The dimensions of the standard SMA connector severely limit the options that are available for developing a dimensionally compatible connector with much higher frequency limits. More particularly, since the dimensions of any new high performance connector must be compatible with the dimensions of the known SMA connectors the only significant improvements in performance can be achieved by providing an improved dielectric bead and by providing a high frequency connector that will be less susceptible to contamination. Improvements in the performance of the dielectric bead would require decreasing the dielectric constant of the support bead so that higher frequencies can be obtained. This objective, however, cannot easily be achieved because the support bead of an SMA connector typically has a diameter of 0.160 inch or less and an average length of approximately 0.235 inches. Furthermore, any structure to reduce contamination within the connector, such as contamination caused by moisture or by the flaking of the gold plated members of the connector, presumably would adversely affect the performance of the connector.
Recently, it has been theorized that the dielectric constant of the support bead could be decreased by providing a generally symmetric array of longitudinally aligned apertures through the bead, thereby reducing the amount of dielectric material and thus reducing the overall dielectric constant. This decrease in the dielectric constant would in theory enable the connector to operate at higher frequency levels. In operation, it was believed that the dielectric bead could be manufactured from an elongated extruded rod of the selected plastic dielectric material. The rod would first be drilled with a central aperture, and the free end of the rod would be machined with an annular channel. The length of the rod would then be machined down to the required outside diameter of the dielectric bead. A section of the rod would then be cut off to the required length of the dielectric support bead, and an annular channel would then be machined into the opposed end of the bead, with the dimensions of both annular channels being selected to create compensation steps required to compensate for the stepped configurations of portions of the inner or outer connector body in which the dielectric bead is mounted. Finally, a plurality of longitudinally extending apertures would be drilled entirely through the support bead between the central aperture and the outer circumference. Attempts to manufacture support beads of this type at a production scale proved entirely unacceptable. More particularly, it was found that variations in the temperature at the extrusion head which produced the rod from which the beads would be formed resulted in slightly different densities along the length of the rod. Consequently, the impedance characteristics often would differ from one bead to the next or would be variable across any given bead. Additionally, all of the plastic materials from which the support bead might be formed are somewhat resilient and cannot be manufactured at production rates to the required accuracy, and furthermore such plastic materials have a "memory" thereby possibly resulting in distortion of the resulting bead when machined during manufacturing. These problems inherent to plastics were exacerbated by the very small size of the bead and by the small webs existing between the apertures formed in the bead. As a result, the beads would structurally vary from the specifications with corresponding degradations in anticipated performance.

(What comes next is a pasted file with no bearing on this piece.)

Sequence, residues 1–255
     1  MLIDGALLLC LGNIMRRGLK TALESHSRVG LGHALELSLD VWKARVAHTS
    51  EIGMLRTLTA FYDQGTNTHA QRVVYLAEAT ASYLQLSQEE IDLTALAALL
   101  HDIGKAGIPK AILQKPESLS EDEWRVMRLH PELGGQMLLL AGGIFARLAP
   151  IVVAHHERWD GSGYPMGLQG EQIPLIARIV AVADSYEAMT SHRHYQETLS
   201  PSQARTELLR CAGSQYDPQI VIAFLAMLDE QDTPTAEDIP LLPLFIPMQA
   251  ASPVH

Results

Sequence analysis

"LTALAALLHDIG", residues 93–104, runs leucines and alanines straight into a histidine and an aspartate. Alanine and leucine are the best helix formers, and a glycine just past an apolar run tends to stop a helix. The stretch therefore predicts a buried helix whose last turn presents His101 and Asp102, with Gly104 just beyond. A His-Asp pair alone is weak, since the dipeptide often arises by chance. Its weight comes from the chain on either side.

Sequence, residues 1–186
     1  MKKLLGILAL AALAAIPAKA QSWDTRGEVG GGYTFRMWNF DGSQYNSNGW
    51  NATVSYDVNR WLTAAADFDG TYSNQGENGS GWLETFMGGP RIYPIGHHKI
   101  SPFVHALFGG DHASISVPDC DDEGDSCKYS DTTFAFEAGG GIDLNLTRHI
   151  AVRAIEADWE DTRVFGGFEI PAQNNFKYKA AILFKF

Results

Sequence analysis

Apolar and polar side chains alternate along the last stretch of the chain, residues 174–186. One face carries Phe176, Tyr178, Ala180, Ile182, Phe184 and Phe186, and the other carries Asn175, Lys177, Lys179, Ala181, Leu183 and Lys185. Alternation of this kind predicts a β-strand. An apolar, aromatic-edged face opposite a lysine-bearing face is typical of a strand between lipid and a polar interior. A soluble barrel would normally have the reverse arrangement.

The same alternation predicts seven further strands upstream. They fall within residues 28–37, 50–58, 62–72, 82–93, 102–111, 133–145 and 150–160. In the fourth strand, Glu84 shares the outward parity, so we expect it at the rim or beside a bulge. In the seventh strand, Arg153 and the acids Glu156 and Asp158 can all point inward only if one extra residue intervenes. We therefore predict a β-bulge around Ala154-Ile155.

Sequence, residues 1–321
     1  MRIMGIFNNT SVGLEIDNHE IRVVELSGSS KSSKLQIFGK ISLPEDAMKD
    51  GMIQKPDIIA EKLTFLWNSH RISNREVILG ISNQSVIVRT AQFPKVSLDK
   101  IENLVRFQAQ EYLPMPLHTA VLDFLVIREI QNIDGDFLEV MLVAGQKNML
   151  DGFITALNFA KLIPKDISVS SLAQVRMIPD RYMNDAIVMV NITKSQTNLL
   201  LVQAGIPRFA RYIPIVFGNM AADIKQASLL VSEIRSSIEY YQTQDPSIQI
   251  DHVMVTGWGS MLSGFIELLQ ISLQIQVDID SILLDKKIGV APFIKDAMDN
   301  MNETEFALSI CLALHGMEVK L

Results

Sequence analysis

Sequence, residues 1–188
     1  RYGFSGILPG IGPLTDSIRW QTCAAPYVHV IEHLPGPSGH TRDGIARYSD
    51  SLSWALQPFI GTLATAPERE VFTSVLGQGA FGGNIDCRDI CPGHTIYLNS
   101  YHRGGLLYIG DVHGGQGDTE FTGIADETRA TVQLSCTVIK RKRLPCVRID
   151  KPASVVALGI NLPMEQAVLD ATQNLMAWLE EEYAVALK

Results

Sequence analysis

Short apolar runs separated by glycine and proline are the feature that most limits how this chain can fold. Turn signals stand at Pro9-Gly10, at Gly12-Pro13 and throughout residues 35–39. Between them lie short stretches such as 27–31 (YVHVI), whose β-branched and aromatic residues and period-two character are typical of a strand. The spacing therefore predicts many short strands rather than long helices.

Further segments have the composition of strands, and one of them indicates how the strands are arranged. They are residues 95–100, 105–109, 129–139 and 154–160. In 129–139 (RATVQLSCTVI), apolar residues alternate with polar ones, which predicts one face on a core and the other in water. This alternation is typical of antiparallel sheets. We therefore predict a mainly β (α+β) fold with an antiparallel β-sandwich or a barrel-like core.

Additionally, the bead described above did not adequately protect against microscopic contamination, such as contamination from gold flakes or moisture. This contamination could offset a substantial part of the improvements that were believed to be attainable with the suggested configuration. Extensive inquiries to manufacturers of plastic components indicated that the machining manufacturing process, with its various drawbacks, was the only option in view of the small size, the material requirements and the very high precision required for the bead dimensions, corners and apertures.
In view of the above, it is an object of the subject invention to provide a high frequency coaxial connector that can efficiently perform at frequencies up to or above 40 GHz.
Another object of the subject invention is to provide a high frequency coaxial connector that is mechanically and electrically compatible with existing sub-miniature standards for coaxial connectors.
A further object of the subject invention is to provide a support bead for a high frequency coaxial connector capable of efficiently operating at frequencies up to 40 GHz.